Gwen's the one who calls him to let him know that the okay has been given for his return. She doesn't offer any explanation, and Ianto doesn't ask questions.
When he thinks about it though, it seems strange, out of character, even, for Jack to have forgiven him so unequivocally.
But he's afraid to question it.
He isn't sure that he really wants to know Jack's reasons.
"How are you," Jack asks one Tuesday, completely out of the blue.
Jack's joined him in front of the coffee maker. The hub is still deserted this early, shadowy and quiet before the rest of the team arrives, like always.
The coffee maker sputters, halfway through its cycle, and the smell is earthy, rich.
"Fine, sir. You?"
Jack just raises his eyebrows.
"You don't have to do this, you know."
Ianto freezes, Jack's mug in his hands, and forces his eyes up to meet Jack's.
"Sorry, do what?"
"Pretend like nothing's happened."
"I don't know what you mean, sir."
Ianto pauses. Sets Jack's mug down in front of him. Tries to steady his hands, and his voice.
"What else-" Ianto stops, swallows. "What else am I supposed to do?"
"You could talk to someone."
"Is this Torchwood's way of telling me I need professional help?" Ianto says, and it's almost a joke.
Ianto waits, shifting a little. "Sir?"
"I'm just trying to figure out what you want."
"I don't want anything," Ianto says, and it's true.
He doesn't want anything from any of them; he knows they don't owe him anything, and even if they did, all he wants is acceptance, and they've already given him that, more or less. It's possible that he thought he wanted something from Jack, once, that the idea possibly crossed his mind-him, and Jack-but he finds he just can't go there anymore, not right now.
Right now, he just wants to be allowed to do this, to play his part, to keep going.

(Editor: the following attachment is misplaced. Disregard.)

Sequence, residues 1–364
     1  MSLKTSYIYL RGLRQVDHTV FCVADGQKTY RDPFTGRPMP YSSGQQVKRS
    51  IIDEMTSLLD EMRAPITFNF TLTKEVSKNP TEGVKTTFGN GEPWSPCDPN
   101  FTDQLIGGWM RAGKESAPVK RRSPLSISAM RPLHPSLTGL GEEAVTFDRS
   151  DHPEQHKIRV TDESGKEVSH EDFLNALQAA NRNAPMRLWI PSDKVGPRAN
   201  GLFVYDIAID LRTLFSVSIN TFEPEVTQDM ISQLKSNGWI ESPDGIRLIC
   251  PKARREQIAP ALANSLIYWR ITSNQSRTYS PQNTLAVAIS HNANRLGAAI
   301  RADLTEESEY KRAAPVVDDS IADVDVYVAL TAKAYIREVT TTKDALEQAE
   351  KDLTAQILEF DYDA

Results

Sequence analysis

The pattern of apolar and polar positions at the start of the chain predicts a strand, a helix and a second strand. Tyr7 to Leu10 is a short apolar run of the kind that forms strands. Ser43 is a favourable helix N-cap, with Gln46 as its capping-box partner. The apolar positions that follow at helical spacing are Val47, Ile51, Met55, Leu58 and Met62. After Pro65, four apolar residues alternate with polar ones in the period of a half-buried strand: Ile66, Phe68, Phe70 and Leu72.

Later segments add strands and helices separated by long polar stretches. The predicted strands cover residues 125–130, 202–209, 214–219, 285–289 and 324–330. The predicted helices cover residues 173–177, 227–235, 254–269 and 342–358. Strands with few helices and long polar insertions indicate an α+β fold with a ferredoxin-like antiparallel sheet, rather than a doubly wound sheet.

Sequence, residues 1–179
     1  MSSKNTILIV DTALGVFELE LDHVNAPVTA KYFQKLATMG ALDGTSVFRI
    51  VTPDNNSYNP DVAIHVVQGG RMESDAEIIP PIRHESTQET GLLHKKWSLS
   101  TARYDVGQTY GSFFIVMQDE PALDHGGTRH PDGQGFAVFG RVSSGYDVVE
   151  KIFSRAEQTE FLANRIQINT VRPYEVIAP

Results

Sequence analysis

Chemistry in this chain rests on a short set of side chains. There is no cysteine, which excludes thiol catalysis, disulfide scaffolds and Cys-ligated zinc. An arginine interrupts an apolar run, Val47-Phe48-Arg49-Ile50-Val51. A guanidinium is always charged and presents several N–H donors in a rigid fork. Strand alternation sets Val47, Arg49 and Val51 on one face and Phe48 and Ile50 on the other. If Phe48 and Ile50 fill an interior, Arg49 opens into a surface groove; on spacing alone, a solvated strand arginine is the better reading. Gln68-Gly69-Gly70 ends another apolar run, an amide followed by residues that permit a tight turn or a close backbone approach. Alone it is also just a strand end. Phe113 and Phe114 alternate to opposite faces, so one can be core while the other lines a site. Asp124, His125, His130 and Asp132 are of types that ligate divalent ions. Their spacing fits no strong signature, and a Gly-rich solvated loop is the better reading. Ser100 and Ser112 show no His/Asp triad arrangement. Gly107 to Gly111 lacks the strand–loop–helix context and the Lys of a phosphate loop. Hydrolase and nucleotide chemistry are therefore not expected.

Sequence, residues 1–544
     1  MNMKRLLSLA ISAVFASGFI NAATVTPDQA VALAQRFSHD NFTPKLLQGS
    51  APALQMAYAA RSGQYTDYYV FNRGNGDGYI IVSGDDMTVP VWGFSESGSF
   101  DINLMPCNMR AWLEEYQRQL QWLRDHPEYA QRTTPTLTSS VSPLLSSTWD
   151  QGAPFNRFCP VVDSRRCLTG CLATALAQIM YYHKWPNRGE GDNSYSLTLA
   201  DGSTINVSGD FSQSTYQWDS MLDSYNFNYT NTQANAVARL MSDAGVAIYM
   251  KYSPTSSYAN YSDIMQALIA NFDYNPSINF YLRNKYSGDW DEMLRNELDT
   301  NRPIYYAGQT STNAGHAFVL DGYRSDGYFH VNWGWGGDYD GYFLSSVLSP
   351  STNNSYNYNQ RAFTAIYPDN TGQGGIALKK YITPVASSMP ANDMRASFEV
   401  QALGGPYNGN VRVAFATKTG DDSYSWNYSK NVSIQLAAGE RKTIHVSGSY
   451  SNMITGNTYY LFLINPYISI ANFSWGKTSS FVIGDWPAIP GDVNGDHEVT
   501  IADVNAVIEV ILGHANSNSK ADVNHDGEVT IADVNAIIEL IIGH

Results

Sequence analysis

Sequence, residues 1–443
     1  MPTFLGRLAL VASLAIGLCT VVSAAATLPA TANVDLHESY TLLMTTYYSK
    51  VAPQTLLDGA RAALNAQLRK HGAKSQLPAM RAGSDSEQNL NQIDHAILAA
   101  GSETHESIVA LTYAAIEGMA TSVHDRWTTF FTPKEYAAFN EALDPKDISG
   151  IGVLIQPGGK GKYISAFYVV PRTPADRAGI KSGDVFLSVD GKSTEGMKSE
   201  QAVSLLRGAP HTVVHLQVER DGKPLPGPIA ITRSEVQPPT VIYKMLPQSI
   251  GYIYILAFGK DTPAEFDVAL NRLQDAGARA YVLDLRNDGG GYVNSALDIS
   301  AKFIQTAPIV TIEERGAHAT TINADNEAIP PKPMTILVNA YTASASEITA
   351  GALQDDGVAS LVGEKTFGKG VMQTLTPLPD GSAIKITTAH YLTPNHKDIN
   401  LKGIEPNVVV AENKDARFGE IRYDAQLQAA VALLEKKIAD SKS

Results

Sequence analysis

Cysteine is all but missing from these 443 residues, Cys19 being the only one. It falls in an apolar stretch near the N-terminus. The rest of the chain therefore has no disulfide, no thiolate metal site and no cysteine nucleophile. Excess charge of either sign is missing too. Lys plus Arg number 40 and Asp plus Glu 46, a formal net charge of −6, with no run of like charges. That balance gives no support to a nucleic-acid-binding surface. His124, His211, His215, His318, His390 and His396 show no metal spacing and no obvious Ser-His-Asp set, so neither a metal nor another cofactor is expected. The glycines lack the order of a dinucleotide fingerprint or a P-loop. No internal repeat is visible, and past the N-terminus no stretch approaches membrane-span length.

"I'm fine," he assures Jack, but his voice sounds frustratingly small, unconvincing.
Jack just stares at him for a moment.
"Well, if you change your mind, you know where to find me."
At some point, Ianto does change his mind.
He allows himself to let Jack in, just a little, allows himself to believe that this connection is real, that it's okay to do this thing with Jack, this thing that, if he were completely honest with himself, had started with a weevil, and a stick, and his tightest jeans, so many months ago… He thinks he can do this now though, maybe, and not completely lose his head.
He's gotten pretty good at compartmentalizing, in any case, and is even better at making what's in front of him work.
They don't really talk about Lisa, or before, because that's how Ianto wants it, and he's gotten pretty good at deflecting Jack, distracting him with things that are far more interesting than probing questions about how he's feeling, and Ianto finds that this works pretty well... Most of the time.
It's a Saturday night—he and Jack are doing the overnight shift at the hub, as per usual these days-and Ianto's honestly not sure how the conversation starts.
Jack must have asked, somehow or another, an innocent question, probably. And his deflection must not have been quite perfect enough, because here he is, sitting on the edge of Jack's tiny little camp bed in his boxer briefs, trying not to fidget, as Jack leans on his dresser, staring over at him from across the room, looking as charming and as amiable as ever.
They'd gone out tonight, before coming back to send Tosh and Owen home-a nice dinner, wine, a pleasant enough walk along the Plass under the stars, where a particularly tender Jack had kissed him senseless, until they'd practically stumbled down here, losing most of their clothes along the way. A pretty typical evening, really.
And now Jack has made it clear that he's in the mood to talk.
For someone who's usually so closed, who has so many secrets, Jack talks to Ianto. Tells him things that shock him, sometimes. Details so intimate Ianto never would have imagined Jack would confide in anyone so much. He's flattered, really, but… He can't always bring himself to return the favor.
"Come on, Ianto. Just tell me about her. Tell me something, anything."
They've had this conversation before, a hundred different ways, so many times. Ianto's not even sure what it is that he's avoiding anymore. He's okay, he's past this, he's past her, but… He still doesn't know how to do this. He doesn't know how to remember her, how to talk about her, and have it be normal. He looks to Jack, feeling like an idiot, wanting Jack to give him the answers, like always, but Jack is just sitting there, just waiting.
"Anything, Ianto. Doesn't matter how small."
Ianto's not sure what it is. Maybe it's the lingering effect of the wine in his blood, or the pleasant ache of his muscles due to the frankly rather amazing sex he and Jack just had, but Ianto feels different tonight. Almost like it would be okay, this thing that's felt taboo for so long, that maybe he can give this much to Jack, that maybe he wants to give Jack this much.